I was asked to teach on the Trinity last Spring at a conference over here called ROOTS. I agreed, kicking and screaming. I studied for six months to teach on the Trinity. It was the hardest study I’ve ever taught. In the end my prayer life had changed, I knew a great deal more about church history, and my understanding of the Trinity hadn’t budged an inch. I guess the Trinity is just one of those things you have to accept. And in a way, it makes sense that if God is truly God, he wouldn’t be one dimensional like us.

I’ve been thinking about it again lately. Does anybody else find it a bit human that we’ve narrowed God down to these three things? Wouldn’t it be funny if we got to heaven one day, God took a look at our Trinity doctrine, chuckled, patted us on the head and said, “Three in one? Try three-million in one.”

Just like us to put God in a box or, in this case, a triangle.

Tuesday, November 15, 2005

father abraham

I found out yesterday that, along with a few Christian families, and a whole lot of Muslim families, we now have both Hindu and Buddhist families as part of our work here in Tottenham. I have to tell you that I feel differently about these families than I do about our Muslim families. Few of the people who read this blog will agree with the following because most of the people who read this blog are either very conservative or very liberal. I consider myself to be a liberal conservative because I think both groups are closed minded, unwilling to read, unwilling to listen, and unwilling to consider. But anyway, I feel differently about our new families.

One of the reasons I feel this way is that I’ve had a hard time buying the evangelical argument that Muslims are not praying to the same God that I am. Don’t get me wrong. I’ve definitely not made any decisions on the matter. But when I read my own Bible (the story of Haggar), listen to their explanations, and watch their lives, everything seems to point to the fact that, like Jewish people, we’re all praying to the same God here. I admit that the Jesus thing is an important omission, but it is for the Jews as well. So when I’m around our Muslim families, there doesn’t seem to be this absence of God. I know that that is a big statement, and I know that some people will vehemently disagree with that. Trust me, it’s been a hard statement to say out loud. But comfortable or not, it is the feeling that I get.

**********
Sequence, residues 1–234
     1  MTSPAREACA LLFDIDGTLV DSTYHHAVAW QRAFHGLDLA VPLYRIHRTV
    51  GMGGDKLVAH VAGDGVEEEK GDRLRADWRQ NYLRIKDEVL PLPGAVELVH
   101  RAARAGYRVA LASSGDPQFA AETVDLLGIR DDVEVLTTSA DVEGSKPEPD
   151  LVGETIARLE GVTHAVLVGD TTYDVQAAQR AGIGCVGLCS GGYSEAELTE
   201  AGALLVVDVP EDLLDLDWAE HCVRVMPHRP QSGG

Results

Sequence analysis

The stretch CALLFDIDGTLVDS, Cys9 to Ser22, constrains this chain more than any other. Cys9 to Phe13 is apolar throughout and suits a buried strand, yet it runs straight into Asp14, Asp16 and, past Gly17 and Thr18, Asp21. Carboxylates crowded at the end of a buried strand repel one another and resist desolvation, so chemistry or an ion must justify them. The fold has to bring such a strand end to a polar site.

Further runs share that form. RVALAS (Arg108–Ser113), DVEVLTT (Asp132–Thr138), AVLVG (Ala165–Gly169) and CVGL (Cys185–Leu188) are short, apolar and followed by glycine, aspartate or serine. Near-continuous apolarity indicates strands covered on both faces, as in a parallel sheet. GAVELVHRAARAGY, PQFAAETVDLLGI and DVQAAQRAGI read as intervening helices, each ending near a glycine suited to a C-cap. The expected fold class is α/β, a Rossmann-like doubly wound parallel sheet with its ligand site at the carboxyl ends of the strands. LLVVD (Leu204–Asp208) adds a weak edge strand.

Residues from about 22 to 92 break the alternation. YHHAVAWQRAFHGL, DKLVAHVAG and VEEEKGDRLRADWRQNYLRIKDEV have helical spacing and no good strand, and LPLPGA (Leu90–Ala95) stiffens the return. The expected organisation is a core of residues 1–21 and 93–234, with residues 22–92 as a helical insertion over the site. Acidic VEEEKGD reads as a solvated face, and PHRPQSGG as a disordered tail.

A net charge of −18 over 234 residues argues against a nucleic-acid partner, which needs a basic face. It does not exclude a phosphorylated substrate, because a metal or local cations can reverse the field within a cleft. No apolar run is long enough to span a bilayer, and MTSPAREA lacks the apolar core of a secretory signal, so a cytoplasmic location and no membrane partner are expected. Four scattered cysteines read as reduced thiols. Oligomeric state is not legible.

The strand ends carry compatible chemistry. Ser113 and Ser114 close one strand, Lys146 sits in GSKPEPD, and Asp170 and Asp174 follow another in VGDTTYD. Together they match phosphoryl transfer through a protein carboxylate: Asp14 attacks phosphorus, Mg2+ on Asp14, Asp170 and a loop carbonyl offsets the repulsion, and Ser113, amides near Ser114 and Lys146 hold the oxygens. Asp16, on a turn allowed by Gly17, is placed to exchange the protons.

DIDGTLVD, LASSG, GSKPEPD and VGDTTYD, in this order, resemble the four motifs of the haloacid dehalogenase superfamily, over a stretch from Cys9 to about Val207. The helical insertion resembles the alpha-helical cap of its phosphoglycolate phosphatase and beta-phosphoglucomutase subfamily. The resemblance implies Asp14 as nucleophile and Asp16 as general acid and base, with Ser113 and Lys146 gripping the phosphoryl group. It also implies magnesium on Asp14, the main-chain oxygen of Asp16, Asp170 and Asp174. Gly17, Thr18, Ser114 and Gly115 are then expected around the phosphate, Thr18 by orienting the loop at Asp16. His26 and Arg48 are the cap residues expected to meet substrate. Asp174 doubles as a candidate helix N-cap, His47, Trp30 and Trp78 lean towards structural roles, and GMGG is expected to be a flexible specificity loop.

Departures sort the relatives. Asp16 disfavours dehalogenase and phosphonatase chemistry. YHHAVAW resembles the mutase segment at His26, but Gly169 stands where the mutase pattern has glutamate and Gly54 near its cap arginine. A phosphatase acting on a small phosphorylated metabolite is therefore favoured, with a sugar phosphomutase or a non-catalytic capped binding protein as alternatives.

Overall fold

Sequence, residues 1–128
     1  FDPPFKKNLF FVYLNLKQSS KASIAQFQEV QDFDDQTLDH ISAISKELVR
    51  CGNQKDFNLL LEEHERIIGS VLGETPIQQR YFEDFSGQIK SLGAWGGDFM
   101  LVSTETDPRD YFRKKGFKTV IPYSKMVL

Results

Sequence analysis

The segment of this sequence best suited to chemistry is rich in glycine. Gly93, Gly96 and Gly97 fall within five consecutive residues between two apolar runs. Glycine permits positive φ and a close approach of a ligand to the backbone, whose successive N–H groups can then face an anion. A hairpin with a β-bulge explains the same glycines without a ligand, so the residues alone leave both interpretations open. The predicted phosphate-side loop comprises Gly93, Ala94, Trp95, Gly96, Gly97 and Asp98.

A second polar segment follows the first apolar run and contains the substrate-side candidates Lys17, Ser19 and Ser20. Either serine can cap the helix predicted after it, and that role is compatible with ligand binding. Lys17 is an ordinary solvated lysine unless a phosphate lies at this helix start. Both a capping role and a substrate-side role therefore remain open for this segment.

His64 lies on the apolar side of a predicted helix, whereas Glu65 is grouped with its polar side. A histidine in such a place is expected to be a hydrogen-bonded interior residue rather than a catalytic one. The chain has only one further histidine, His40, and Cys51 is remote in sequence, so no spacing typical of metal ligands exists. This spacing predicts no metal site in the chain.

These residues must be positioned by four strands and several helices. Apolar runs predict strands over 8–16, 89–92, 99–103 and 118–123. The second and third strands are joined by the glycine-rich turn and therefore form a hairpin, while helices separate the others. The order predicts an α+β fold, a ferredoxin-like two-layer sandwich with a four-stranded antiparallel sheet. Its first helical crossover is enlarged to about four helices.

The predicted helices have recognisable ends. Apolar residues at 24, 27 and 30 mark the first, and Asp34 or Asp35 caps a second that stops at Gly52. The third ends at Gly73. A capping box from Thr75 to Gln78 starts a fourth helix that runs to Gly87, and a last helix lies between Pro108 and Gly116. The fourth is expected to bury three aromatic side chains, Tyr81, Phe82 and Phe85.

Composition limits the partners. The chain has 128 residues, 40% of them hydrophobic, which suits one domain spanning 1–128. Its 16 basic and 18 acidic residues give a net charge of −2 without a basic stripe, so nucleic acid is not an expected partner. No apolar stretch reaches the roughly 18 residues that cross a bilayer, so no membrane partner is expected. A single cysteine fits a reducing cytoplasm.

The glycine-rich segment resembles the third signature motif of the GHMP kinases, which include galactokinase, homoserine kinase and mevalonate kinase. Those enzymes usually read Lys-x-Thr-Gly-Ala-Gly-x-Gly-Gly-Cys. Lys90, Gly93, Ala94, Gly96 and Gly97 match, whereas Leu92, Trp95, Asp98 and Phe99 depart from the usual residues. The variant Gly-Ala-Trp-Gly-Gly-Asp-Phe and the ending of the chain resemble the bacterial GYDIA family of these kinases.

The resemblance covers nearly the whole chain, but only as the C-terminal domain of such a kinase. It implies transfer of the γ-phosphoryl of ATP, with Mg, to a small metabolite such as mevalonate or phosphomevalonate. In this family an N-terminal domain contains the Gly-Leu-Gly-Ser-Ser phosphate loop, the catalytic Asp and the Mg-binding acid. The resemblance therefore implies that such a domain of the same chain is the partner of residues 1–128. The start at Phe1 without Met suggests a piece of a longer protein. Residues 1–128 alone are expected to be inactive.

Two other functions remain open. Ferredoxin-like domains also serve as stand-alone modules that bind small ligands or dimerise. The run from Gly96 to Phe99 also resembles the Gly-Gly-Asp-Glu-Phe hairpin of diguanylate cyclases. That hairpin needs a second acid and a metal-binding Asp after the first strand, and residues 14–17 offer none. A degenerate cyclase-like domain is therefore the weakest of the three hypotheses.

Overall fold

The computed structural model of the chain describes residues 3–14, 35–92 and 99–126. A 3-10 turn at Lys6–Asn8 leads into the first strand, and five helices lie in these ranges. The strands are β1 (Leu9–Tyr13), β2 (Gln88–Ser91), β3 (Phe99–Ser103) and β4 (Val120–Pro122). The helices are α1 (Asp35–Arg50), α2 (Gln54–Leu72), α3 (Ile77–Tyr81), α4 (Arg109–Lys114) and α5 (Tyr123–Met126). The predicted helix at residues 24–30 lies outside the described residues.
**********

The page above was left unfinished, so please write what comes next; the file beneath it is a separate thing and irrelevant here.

But I have a very different feeling when I’m around our Hindu and Buddhist families. There is this, almost, audible absence of God. This (forgive me) massive God shaped space. Almost like this black hole in their soul and in our relationship. I’m not sure how many of you believe in discernment, but that feels like where this is coming from.

When I looked down into the eyes of one of our Hindu girls yesterday, I realized that I was (quite literally) looking into the eyes of a pagan. The same thing was true of our Buddhist kids. And (here’s where my liberal friends get uncomfortable) unlike our Muslim families, I feel this real need to share the message of Christ with them. With our Muslim families I mostly feel that I’m here to share the LOVE of Christ with them and also to build bridges. I believe that our greatest calling in this community is simply to show our Muslim neighbors that some of the things they’ve heard about Christians just might be a little off. I’m under no delusion that we’re going to be leading a bunch of Muslims to Christ here. They say that a Muslim must have three significant relationships with a Christian before they’re prepared to sit down and listen to the gospel. So I’m mostly here to be that first relationship. But with these new pagan families, I find myself feeling very different. Feeling a desperation to share the message of Christ with them.

I have no idea how that will work. As we try to build bridges in this neighborhood between the Christian church and the Muslim community, it’s important to earn their trust, and one of the ways that we do that is by providing non-religious after school clubs. A place where our Muslim families can have no fear of their children coming home indoctrinated with what they consider to be a pagan religion (because of our belief that Jesus is also God). I’m comfortable with this simply because I think it’s much more important to LIVE out the gospel than to shout it out anyway. I also think that living out the gospel is what I, as a Christian, am called to do. But again, I feel a desperation with our pagan families that I’ve just not felt before with our Muslim families.